Netdata Team

Netdata Team

July 27, 2020

The Netdata Community

Uniting Users and Developers for Better Monitoring Solutions

Netdata users and contributors comprise a large, global, but somewhat fragmented community – or a set of communities. You can find us on IRC (#netdata on freenode), on Reddit, on social media, and, of course, on GitHub, where the main open-source Netdata project repo lives. And yes, you can find us on other platforms as well.


GitHub is a great way to get in touch with the Netdata team and project contributors to tell them about bugs or to discuss new features. But we realized that bug reports are not a conversation that works for everyone. A more informal and easier-to-access communication channel would provide a better way for the community to congregate and engage, and would also provide an easier way for everybody to talk to the team. We wanted to provide the community a home.

To us, the various communication platforms we have access to are like hotels (perhaps except GitHub, which is closer to being our virtual office building!). You can go there, and you can get what you expect: a very well-defined and well-supported set of features, but without the personal touch and without the ability to customize the experience to our project’s and our community’s specific needs.

Our community has been very helpful with providing feedback about improving existing features in Netdata. We’ve decided to be more open about upcoming features, so that we can close that feedback loop as early as possible. We want to be able to listen to your feedback even while features are being planned and developed. And we believe that, in the future, this will also allow us to provide users with early access to certain features. Furthermore, there are vastly more people using Netdata in production environments and with complex infrastructures than there are people contributing to the project! The community can be a great source of ideas for new features or features we may have omitted, but are necessary for specific use cases.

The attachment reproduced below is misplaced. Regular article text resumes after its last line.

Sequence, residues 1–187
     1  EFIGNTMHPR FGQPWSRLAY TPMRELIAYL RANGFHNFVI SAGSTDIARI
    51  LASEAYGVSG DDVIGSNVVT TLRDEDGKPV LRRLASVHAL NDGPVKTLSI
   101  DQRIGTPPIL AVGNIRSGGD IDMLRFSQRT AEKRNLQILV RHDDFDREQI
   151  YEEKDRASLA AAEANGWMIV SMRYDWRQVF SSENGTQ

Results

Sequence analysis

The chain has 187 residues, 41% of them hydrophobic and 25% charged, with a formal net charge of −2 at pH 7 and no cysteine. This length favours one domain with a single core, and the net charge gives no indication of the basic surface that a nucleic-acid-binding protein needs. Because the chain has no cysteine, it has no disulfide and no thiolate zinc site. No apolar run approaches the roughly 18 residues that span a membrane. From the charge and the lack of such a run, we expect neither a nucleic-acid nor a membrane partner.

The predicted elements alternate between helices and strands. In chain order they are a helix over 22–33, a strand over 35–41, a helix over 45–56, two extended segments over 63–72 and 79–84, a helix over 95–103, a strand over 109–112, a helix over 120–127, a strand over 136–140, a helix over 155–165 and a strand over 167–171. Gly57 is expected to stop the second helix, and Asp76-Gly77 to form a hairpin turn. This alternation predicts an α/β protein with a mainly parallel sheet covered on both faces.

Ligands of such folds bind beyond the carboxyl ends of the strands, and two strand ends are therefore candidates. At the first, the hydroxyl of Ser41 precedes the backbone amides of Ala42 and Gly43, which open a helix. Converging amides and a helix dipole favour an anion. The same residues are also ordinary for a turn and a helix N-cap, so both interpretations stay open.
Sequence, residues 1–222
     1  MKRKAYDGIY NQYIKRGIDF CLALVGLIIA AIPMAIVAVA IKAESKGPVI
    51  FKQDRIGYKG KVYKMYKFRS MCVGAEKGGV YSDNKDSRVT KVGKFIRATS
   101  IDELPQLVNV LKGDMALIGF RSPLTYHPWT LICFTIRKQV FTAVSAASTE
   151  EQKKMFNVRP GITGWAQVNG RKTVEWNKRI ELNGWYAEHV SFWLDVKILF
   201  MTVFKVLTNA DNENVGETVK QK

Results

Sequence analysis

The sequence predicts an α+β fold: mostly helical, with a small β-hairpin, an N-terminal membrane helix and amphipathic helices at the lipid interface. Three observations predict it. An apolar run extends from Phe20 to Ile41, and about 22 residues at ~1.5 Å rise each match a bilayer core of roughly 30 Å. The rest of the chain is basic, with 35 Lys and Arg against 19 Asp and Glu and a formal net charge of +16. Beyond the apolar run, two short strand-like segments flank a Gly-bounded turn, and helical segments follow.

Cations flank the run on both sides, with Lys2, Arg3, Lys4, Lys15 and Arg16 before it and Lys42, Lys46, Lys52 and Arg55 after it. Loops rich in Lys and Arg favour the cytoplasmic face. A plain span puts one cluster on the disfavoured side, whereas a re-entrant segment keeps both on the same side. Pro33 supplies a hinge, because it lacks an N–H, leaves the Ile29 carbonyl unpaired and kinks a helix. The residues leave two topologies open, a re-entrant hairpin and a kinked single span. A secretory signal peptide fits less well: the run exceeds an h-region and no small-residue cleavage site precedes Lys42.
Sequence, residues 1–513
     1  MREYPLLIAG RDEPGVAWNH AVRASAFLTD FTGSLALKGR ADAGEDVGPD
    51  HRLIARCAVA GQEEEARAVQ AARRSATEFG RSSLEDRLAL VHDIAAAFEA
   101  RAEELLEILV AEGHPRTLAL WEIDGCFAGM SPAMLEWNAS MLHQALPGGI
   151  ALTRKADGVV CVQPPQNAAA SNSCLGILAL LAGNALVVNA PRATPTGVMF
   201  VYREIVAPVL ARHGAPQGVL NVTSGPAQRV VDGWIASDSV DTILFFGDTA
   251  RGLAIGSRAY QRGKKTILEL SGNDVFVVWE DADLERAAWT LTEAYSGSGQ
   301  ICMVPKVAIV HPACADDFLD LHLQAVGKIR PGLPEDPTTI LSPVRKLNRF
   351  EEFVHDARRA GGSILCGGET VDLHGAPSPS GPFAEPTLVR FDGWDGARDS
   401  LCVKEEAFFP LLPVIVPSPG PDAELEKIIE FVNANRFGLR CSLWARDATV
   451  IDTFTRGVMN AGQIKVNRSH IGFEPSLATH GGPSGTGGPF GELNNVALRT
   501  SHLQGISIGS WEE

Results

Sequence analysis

While we have been successful at providing support and answering questions on Github and via email, we believe that having a fully online knowledge base will be very beneficial for the project. We plan to move a lot of our technical support questions into the community. Github integration will be provided, and the team will be there to respond as needed, but we will also have the additional benefit of users being able to help each other and read through previous responses.

Apart from technical questions, we often get questions about the project itself, or about the company, or about our team’s philosophy and approach to solving problems and software development. We plan to run Q&As with various people from the team to help give our community a better understanding of who we are and why we do what we do.

Our open-source contributors are an important part of the team. We hope to see many of them on the new forums where we can talk to each other outside of Github and get to know each other better. We are also considering moving our contributor-of-the-month award to the community rather than handling it on GitHub.

Lastly, we expect to see a user advisory board emerge from the community with our help. Having a group of dedicated community members who understand Netdata well and also understand their specific infrastructure monitoring requirements will help the project stay on track and grow the community around it.